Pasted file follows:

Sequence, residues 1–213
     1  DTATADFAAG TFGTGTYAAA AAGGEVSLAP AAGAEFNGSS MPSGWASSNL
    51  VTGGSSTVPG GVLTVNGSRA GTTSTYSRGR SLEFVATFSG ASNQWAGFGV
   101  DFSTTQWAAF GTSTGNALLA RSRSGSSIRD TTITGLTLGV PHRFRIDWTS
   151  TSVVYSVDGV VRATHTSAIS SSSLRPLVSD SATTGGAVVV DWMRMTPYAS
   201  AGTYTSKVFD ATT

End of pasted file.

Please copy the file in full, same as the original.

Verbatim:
Sequence, residues 1–213
     1  DTATADFAAG TFGTGTYAAA AAGGEVSLAP AAGAEFNGSS MPSGWASSNL
    51  VTGGSSTVPG GVLTVNGSRA GTTSTYSRGR SLEFVATFSG ASNQWAGFGV
   101  DFSTTQWAAF GTSTGNALLA RSRSGSSIRD TTITGLTLGV PHRFRIDWTS
   151  TSVVYSVDGV VRATHTSAIS SSSLRPLVSD SATTGGAVVV DWMRMTPYAS
   201  AGTYTSKVFD ATT